Optic. Dr. : ASUS 24D3ST BLACK 24X SATA ?830.00 sa PCX.com.ph
    Pow. Supply: HUNTKEY APFC HK-700 700W power supply ?2,650.00 sa PCX.com.ph
    HDD: SEAGATE 2TB SATA 7200RPM SSHD ?5,650.00 sa PCX.com.ph
    SDD: SAMSUNG 250GB 840 EVO SSD hard drive ?6,450.00 sa PCX.com.ph
    Memory: kingston hyperx fury 4X2 sa EasyPC or PCX mga 3.5-4K PHP
    Chassis: RAIDMAX SUPER VIPER BLACK USB3.0 case ?1,950.00 sa PCX.com.ph

    Equals = 56,430. Siguro sa tirang 7,565 pwede nang pang monitor kaso 18 inches lang or 21 ewan. Kung may tira edi keyboard at mouse combo.

    Sa specs na yan halos lahat ng laro pwede mo nang laruin kaso doblehin mo nalang yung Memory card.

    Pero sasabihin ko lang ah mas may iba pang tindahan na mas mura sa PCX.
    Ginamit ko lang yung PCX kasi sila ata yung pinakakilala sa PC parts.

    there’s a reason why ganyan ang size nyan. parang nasa gitna ng laptop and desktop na yan. one thing is for sure, you are not part of the target market ng G20 😛

    I’d still go with a gaming laptop sa ganyang price though, just plug and play.

    wala ka pang OS bobo. kung bumili ka ng original na OS konti lang difference. nagmarunong ka kulang ka naman sa utak. obvious na pirated OS lang ginagamit mo.

    Kuya makabobo ka naman. Sorry kung hindi ko nalagay yung OS. Yung mga OS ngayon nasa 3K-7K yung range so dagdagan mo nalang yung presyo niyan. Tsaka bakit naman ako gagamit ng pirated kung yung ginastos ko is aabot ng 60K? Tsaka parang ewan naman kung gagamit ka ng pirated sa PC mo baka magkaroon pa ng anomaly sa system.

    O cge buuin mo yang 56k mong yan tapos punta ka asus iharap mo sa mga engineer,technician,designer yan specs mo ireklamo mo yung specs nila.

    Hays! Tandaan mo milyon nagastos nila bao ilabas yan sa market kasi hindi naman iisang utak ng tao bago nagawa yang rog g2 na yan.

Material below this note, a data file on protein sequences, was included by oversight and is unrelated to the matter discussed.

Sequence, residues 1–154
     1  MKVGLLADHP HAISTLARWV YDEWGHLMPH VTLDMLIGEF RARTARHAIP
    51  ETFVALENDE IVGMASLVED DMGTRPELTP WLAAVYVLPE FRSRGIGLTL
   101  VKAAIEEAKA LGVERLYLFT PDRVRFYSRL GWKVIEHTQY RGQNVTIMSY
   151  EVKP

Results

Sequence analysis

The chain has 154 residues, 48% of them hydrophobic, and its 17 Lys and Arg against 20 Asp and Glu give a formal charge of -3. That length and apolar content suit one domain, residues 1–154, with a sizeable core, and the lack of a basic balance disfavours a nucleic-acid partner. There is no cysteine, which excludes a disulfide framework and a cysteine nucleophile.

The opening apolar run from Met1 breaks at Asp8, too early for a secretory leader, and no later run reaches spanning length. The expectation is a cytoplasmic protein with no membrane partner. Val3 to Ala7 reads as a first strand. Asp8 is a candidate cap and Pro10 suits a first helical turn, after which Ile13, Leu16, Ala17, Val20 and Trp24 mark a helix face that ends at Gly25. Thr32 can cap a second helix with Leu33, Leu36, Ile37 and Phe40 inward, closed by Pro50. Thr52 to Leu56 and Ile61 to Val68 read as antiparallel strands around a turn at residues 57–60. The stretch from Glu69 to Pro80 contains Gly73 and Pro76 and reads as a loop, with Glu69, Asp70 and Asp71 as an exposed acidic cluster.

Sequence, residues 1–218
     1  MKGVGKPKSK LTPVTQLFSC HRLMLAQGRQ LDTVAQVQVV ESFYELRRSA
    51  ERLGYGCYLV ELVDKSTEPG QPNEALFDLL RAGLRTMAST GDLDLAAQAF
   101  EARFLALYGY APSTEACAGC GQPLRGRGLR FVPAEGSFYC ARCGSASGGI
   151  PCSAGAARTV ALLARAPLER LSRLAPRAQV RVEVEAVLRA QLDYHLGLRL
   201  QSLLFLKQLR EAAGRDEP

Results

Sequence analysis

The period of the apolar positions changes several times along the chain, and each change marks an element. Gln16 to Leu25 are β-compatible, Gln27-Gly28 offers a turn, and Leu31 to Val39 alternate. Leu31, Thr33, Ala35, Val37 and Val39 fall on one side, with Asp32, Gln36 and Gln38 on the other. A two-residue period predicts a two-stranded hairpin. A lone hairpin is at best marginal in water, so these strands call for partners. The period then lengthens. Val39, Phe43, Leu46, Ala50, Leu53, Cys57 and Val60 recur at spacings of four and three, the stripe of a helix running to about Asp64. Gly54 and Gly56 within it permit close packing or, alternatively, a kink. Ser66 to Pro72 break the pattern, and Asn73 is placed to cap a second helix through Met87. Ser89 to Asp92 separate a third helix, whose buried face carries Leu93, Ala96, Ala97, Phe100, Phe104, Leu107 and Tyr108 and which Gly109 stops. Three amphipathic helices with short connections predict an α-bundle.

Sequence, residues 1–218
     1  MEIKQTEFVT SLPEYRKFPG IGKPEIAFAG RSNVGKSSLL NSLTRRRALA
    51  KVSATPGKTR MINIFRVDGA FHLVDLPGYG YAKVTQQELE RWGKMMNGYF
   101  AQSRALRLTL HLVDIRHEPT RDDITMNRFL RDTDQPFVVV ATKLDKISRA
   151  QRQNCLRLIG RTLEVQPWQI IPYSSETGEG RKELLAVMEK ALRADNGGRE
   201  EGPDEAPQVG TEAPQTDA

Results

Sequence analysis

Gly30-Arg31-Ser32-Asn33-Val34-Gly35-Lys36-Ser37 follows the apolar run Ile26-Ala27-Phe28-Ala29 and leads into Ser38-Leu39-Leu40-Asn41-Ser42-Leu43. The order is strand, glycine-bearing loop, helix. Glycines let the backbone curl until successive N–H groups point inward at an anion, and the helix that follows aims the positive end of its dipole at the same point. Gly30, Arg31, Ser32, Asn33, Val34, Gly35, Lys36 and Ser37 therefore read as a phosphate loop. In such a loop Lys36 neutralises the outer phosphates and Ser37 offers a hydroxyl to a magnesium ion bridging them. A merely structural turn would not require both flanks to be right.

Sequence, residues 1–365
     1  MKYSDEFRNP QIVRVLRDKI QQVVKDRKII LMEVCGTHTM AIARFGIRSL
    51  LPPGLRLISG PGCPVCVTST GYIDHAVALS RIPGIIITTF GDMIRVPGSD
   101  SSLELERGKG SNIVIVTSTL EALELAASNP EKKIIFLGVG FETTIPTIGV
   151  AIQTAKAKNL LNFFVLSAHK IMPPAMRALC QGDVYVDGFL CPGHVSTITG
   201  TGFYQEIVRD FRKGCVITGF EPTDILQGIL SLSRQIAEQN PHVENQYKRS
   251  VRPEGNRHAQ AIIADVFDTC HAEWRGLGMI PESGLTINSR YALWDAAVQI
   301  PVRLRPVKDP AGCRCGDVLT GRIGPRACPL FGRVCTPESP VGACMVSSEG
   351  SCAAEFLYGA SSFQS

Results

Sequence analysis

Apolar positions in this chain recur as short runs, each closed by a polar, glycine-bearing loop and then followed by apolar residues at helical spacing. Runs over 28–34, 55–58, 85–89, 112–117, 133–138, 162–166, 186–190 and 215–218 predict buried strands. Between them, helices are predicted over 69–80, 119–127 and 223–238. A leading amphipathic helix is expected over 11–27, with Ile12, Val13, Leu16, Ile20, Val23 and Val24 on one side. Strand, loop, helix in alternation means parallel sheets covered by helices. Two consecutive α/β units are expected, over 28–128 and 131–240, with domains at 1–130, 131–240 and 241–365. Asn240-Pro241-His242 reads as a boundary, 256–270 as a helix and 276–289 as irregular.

At malamang katakot takot na burn in test ginawa nila dyan bago i release sa market yan kasi may pangalan silang inaalagaan.

    At isa pa hindi lang ikaw nakakaalam na nyan, kahit asus at kami alam yan. Kaya nga may 3 years na warranty to insure the quality diba.

    Sir wag naman pong magalit ang sinasabi ko lang is kung bibili ka rin lang naman ng Desktop bakit hindi pa sa mas praktikal na way tsaka hindi naman me nagrereklamo sa specs. Siguro nga po target to para sa mga hindi gaanong marunong mag build ng PC or para doon sa mga taong gusto lang na maliit na space para sa Desktop. Sana maunawaan niyo. Sorry kung naoffend ko po kayo.

    Di naman ako nagagalit. Yes dun na ako sa praktikal na mas mataas na specs pero mahirap pa rin tapatan ang 3 years na warranty nila lalo kamamahal ng pyesa nyan sa loob. Nagbigay sila ng 3 years kasi quality ginawa nila at yun ang kinamahal nya. Masasabi mo rin ba di rin praktikal yun?

    Actually buying parts by parts will give you a lot of lifetime warranties. But of course you would only build yourself a gig if you’re a tinker or a technician, otherwise you’d buy this ASUS